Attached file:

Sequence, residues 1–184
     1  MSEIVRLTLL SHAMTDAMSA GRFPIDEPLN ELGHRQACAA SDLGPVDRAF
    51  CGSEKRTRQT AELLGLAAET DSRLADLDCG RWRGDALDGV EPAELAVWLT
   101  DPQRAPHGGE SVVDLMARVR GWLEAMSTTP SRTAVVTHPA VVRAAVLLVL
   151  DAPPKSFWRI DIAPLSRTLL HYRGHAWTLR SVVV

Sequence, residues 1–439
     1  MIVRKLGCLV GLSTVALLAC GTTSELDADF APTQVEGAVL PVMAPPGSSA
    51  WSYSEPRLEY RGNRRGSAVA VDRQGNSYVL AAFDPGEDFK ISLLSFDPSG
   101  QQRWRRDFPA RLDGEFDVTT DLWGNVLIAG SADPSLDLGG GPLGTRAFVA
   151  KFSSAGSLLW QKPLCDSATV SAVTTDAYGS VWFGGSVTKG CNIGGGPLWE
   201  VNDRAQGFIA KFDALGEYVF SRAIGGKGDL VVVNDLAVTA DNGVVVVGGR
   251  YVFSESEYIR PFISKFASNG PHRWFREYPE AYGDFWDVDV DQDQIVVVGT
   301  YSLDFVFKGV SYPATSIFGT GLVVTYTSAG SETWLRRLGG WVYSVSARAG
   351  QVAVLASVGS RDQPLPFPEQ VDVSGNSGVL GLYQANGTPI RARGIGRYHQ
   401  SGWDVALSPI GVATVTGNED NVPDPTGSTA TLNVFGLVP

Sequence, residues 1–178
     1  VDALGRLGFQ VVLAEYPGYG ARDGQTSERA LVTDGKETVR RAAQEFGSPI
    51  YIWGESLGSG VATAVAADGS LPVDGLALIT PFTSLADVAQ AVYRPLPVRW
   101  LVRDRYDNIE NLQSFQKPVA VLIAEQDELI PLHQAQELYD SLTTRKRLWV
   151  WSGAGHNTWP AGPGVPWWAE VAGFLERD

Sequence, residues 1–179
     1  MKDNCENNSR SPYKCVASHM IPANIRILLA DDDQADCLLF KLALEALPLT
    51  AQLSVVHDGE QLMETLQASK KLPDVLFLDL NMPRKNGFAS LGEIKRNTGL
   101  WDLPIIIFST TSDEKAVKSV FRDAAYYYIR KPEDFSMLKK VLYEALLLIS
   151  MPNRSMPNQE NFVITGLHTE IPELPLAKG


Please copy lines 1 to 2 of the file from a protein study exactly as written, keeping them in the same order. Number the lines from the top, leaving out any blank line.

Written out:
Sequence, residues 1–184
     1  MSEIVRLTLL SHAMTDAMSA GRFPIDEPLN ELGHRQACAA SDLGPVDRAF